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Australian Guitar's Fresh Frets: Vol. 6

Siobhan Cotchin
(Image credit: Annie Harvey)

SIOBHAN COTCHIN

SHE IS the future queen of Australian country, fresh out of WA with ambitions high and guitar gripped tightly. At age 20, she sings like she’s lived a generation, raw and rootsy and nothing short of riveting.

SHE SOUNDS LIKE the heart and soul of country’s greatest spun through a distinctly modern web. Her playing is bold and tight and feels emphatically impassioned, and there’s genuine, palpable emotion in every line she roars into the mic. The rawness of her lead tone is subdued by crisp, contemporary production – and that isn’t at all to its detriment; instead, it posits Siobhan as a choice to pioneer the future of Australian country.

YOU'LL DIG HER IF YOU LIKE Kacey Musgraves, Lucinda Williams and Bruce Springsteen – ideally blast from the cassette deck in a beaten-up Jeep as you barrel down the bushlands. If anyone’s gonna write the next A-tier outback anthem, it’s Cotchin.

YOU SHOULD CHECK OUT any of the ripping four singles Cotchin debuted with in 2020. Whether it’s the dry, dusty twang and heart-on-sleeve howls of “Tear Myself Apart”, the roaring leads and soulful harmonies of “The Fair-Weather Friend Blues”, the scene-stealing solo work on “Do You Know What I Mean?” or the slick and simmering lull of “Just The Way It Is”, you’re bound to find something that’ll make your ears prick up.

BLESSED

Blessed

(Image credit: @VisualsByRazak)

HE IS Australia’s answer to the monolithic rise of the emo-rap empire. Cutting his teeth with low-fi freestyles in the Western Sydney underground, the Ghana‑born luminary rapped as Miracle until rediscovering his childhood love for pop-punk, rebranding and carving out a new path as one of Australia’s most innovative and uncompromising musical forces to break out in the past decade.

HE SOUNDS LIKE a genre-bending genius who should be jamming out his anthems in sold-out arenas. It’s immediately hypnotising the way Blessed fuses dry, crunchy guitar lines with glittering hip-hop beats and warm, droning vocal runs.

YOU'LL DIG HIM IF YOU LIKE Kid Cudi, Lil Peep and Khalid. He’s got Cudi’s acerbic, soulful-yet-understated singing downpat, Peep’s knack for grungy, overdriven guitar-led beats, and Khalid’s youthful spirit – and into it all, he injects a surge of his own inimitable flair, equally brooding and buoyant and all-over banging.

YOU SHOULD CHECK OUT his fierce and forcible debut full-length, Music Is The Medicine. Though billed strictly as a mixtape, the 12-tracker sounds infallibly sharp and tight, and feels more authentically impactful than most proper albums released last year. Blessed also dropped over 30 loose singles throughout 2020 – our suggestion is to throw them all in a playlist, sink into the couch and spiral off on an hourlong journey of pure sonic power.

AGNES MANNERS

Agnes Manners

(Image credit: Dave Le Page)

THEY ARE an experimental emo-pop outfit from Sydney who deal in poignant and picturesque soundscapes bellied with luminous strings and soaring guitars. Initially the brainchild of artcore trailblazer Matthew Gravolin (formerly of Hellions and The Bride), Agnes Manners is now a fully fleshed-out band ready to bring the beauty and brutishness of Fantasia Famish to life.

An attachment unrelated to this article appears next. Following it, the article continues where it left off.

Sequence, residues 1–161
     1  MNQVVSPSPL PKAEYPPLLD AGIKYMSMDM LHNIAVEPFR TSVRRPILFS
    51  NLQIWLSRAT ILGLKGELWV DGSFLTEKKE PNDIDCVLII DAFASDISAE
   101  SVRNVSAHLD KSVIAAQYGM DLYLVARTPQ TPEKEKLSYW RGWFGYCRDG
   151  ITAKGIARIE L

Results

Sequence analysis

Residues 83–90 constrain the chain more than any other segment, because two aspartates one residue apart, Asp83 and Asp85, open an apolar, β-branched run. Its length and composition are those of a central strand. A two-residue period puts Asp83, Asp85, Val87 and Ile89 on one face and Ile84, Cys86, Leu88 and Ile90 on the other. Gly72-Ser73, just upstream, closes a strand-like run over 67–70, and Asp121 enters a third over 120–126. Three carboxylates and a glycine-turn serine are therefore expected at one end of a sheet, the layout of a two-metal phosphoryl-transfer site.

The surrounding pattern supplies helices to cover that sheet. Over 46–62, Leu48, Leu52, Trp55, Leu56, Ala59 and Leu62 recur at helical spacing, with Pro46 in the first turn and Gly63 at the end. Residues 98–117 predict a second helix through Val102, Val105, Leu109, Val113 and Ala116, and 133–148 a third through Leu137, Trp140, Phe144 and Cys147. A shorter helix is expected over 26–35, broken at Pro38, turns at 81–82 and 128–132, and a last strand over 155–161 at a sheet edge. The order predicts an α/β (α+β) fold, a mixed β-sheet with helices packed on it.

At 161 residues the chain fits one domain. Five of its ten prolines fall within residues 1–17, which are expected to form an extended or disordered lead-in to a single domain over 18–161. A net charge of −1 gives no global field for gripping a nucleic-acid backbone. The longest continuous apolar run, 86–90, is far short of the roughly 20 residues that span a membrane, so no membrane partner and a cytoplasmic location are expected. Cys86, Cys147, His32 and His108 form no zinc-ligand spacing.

THEY SOUND LIKE a night at the opera gone horribly, yet comically wrong, where the resulting night of chaos and calamity takes place entirely within the theatre’s walls. You’ll laugh. You’ll cry. You’ll have the time of your goddamn life.

YOU'LL DIG THEM IF YOU LIKE The National, Forgive Durden and Panic! At The Disco. Fans of Gravolin’s work in Hellions will feel especially at home, too – it feels like this is what he was inching the band towards with their last two LPs in particular. Without the boundaries of Hellions’ established background, however, Gravolin is able to flesh his concept out to its full thematic potential.

YOU SHOULD CHECK OUT the aforementioned debut album Fantasia Famish, which takes listeners on a bewitching ride through mountainous peaks and valleys of bliss and bleakness alike. The LP at every turn heady and heartfelt, Gravolin trades the volume and intensity of his former projects for a smokier, more opaquely theatrical dynamic. Don’t take that to mean there aren’t some skull‑rattlingly hectic moments to be unearthed, though...

GOOD PASH

Good Pash

(Image credit: April Josie)

THEY ARE five good mates from Sydney blending summery psych-rock and blistering punk with a nice little sprinkle of sass and wit. They’ve been a staple of the local pub scene since the good ol’ days of 2016; rumour has it that ever since then, scientists have been trying to find a single bad vibe in the air whenever a song of theirs plays. Four years on and they still come up short every time.

THEY SOUND LIKE the “one more beer” that turns a casual Friday arvo out into a bender worthy of the history books. A little scratchy and scuzzy but with a whole lot of spirit, Good Pash dole big, fist-in-the-air hooks aplenty. Pop their tunes on whenever you need a lil’ midweek pick-me-up and you’ll never feel the blues again. (Note: Australian Guitar takes no responsibility for any post‑Good Pash bluesing. Terms and conditions may apply. Always read the label.)

YOU'LL DIG THEM IF YOU LIKE The White Stripes, Courtney Barnett, Violent Soho... Basically any band that could make you want to cut sick in the pit and keep a giant smile on your dial the whole time. The quintet shine with their infectious energy and infallible liveliness – not that you’d look at a band named Good Pash and think they’d take things super seriously to begin with, of course. 

YOU SHOULD CHECK OUT the recent double A-side “Delete Me”/”Get Your Mind On Other Things”. Or if you still haven’t shaken the holiday spirit, they even dropped a Christmas jam (“Fairytale Of New York”) last year!